In this post Dr Rosalind Johnson introduces her chapter in Church and People in Interregnum Britain, published by University of London Press on 23 June.
Edited by Dr Fiona McCall, the book provides a comprehensive account of every-day life, society and religion in the interregnum period (1645-1660) under Oliver Cromwell.
On Christmas Day 1657 the diarist John Evelyn and his wife Mary attended a communion service in a private chapel in a London house. To the surprise of Evelyn and the rest of the congregation, they found themselves surrounded by soldiers menacing them with their muskets. The soldiers detained all those they found at the service; Evelyn was held and questioned, but the soldiers eventually let him go.
By taking part in a celebration of holy communion at Christmas time, Evelyn and his wife knew they were breaking the law. In 1645 the Anglican Book of Common Prayer had been replaced by the Directory of Public Worship, a book which was largely a set of directions for public worship, rather than a formal liturgy in the manner of the prayer book. The Directory specified that communion services could be held, when and how being up to the minister and congregation. But Christmas, Easter, Whitsun and other religious festivals, not being authorised as such in the Bible, were not to be celebrated.
The Directory was not the only attempt in the 1640s and 1650s to ban major festivals. Several attempts were made by Parliament to legislate against secular and religious celebrations. The parliamentary ordinance of June 1647 specifically banned any religious or secular celebrations of Christmas, Easter, Whitsun and other religious festivals (though it did allow the second Tuesday in each month as a secular holiday for scholars, servants and apprentices).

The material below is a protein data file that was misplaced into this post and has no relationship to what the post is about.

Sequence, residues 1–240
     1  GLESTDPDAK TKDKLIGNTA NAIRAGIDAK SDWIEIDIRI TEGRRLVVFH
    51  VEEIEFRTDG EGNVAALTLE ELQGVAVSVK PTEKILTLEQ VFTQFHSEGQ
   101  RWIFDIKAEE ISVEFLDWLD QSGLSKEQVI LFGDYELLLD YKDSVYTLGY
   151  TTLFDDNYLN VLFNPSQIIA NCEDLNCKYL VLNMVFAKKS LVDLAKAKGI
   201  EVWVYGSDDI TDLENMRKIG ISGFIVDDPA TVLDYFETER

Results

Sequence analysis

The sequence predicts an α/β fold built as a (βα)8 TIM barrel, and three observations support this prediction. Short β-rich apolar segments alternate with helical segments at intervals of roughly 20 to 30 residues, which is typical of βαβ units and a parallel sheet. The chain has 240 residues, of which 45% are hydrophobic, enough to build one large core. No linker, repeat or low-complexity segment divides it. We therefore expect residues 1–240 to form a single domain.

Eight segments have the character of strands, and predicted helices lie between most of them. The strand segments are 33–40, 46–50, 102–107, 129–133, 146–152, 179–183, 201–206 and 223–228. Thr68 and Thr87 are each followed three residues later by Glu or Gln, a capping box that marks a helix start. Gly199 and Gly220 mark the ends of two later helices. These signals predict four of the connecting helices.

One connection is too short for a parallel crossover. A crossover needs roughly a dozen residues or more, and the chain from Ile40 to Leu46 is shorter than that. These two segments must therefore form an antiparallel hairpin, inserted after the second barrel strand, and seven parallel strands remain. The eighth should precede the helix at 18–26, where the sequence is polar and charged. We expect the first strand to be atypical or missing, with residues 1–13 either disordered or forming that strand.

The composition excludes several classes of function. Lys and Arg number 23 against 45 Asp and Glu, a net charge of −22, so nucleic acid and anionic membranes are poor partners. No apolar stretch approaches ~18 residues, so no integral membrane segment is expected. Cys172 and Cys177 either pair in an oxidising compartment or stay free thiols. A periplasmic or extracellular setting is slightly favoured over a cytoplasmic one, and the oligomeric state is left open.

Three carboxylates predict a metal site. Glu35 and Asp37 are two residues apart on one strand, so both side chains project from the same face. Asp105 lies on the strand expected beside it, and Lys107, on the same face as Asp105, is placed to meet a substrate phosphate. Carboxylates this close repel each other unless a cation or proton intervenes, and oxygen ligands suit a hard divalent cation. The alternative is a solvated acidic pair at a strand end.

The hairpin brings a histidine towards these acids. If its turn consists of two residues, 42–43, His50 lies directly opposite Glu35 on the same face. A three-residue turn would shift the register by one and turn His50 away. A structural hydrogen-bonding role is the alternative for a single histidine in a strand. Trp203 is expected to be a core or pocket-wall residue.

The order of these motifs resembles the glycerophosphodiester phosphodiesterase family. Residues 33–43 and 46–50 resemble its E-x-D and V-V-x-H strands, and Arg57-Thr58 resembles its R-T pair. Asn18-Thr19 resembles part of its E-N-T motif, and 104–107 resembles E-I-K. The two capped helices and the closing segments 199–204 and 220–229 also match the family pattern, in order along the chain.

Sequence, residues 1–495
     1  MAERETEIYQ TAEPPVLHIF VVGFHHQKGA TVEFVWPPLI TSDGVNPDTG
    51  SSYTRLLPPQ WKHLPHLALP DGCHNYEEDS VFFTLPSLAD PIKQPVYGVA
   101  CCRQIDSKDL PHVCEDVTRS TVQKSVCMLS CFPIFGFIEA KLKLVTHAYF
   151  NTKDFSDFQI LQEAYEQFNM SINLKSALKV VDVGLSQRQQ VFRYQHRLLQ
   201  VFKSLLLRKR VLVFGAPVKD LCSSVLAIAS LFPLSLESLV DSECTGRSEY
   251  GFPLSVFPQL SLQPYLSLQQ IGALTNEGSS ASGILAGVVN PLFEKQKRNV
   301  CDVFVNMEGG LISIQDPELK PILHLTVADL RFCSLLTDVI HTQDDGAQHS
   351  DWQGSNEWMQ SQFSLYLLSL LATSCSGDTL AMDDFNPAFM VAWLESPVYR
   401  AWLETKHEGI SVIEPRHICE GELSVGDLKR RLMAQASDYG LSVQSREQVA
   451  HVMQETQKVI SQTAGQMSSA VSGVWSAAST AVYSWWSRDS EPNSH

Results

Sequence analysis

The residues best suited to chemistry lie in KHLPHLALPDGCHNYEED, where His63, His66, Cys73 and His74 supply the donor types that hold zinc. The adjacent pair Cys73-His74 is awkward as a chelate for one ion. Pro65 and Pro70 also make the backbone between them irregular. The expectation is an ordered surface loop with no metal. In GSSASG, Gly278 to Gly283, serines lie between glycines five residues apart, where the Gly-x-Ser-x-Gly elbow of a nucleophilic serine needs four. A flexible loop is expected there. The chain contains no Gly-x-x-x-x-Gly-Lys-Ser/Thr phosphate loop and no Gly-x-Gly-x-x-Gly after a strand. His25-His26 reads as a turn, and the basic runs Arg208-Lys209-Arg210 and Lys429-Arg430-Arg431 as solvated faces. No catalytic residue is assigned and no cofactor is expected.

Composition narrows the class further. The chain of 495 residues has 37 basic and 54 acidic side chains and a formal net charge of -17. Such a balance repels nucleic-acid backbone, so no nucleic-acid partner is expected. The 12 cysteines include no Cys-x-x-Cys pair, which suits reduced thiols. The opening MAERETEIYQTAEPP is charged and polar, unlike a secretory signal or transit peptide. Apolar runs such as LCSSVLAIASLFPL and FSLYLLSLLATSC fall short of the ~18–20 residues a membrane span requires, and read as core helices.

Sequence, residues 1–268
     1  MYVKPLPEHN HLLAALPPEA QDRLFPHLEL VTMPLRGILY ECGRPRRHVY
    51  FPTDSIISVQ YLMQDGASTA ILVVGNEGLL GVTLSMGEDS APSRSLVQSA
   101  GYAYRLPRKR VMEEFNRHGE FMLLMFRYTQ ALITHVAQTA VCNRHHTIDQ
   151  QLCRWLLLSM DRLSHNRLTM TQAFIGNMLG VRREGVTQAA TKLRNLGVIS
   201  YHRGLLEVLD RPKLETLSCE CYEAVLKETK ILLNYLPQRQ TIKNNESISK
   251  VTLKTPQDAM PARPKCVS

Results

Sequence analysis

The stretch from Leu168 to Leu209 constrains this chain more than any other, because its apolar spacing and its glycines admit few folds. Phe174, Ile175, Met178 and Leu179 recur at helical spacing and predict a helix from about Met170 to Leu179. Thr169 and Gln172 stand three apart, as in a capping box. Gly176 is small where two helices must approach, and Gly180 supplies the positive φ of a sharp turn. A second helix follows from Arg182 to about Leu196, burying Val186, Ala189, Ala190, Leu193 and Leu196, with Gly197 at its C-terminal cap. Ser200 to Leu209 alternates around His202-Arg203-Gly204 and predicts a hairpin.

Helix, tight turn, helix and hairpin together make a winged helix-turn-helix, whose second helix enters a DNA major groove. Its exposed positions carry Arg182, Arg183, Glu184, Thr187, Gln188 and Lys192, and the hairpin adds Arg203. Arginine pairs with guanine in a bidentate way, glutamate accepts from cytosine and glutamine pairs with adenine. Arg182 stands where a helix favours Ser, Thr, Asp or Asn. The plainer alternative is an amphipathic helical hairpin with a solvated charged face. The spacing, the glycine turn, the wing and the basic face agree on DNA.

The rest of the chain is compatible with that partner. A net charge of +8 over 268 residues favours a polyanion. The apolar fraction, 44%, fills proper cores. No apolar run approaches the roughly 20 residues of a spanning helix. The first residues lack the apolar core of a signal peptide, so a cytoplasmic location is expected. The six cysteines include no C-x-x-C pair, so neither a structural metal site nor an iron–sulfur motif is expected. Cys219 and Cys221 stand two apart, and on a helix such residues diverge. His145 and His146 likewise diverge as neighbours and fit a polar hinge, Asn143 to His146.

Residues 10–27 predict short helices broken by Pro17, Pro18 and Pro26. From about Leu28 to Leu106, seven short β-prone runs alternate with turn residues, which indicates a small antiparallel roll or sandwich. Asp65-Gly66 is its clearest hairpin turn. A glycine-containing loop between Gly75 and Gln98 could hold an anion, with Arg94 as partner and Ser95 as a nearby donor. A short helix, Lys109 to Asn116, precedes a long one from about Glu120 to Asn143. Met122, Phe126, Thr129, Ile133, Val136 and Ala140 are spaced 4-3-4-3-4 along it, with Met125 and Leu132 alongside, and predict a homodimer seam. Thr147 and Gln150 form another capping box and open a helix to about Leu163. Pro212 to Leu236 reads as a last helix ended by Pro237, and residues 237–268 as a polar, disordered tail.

John Evelyn and his wife were far from alone in taking part in an act of worship at Christmas. They were only unlucky in having been caught. Studies by Valerie Hitchman, Ronald Hutton, John Morrill and others have found that many churches were celebrating Christmas, Easter, Whitsun and other religious festivals between 1645 and 1660. The evidence is hiding in plain sight; churchwardens recorded in their accounts the purchase of bread and wine for the communion, sometimes adding that it had been purchased for a specific festival.
In the parish of Chawton in Hampshire (a village more famous as the later residence of Jane Austen) the churchwardens recorded buying bread and wine for Christmas on at least seven occasions in the 1650s, and on eight occasions for communion services on Palm Sunday and Easter Sunday. In the small market town of Wilton near Salisbury in Wiltshire communion services took place on Palm Sunday and Easter Sunday on several occasions in the 1650s, though festal services at Christmas and Whitsun seem to have ceased by the end of the 1640s.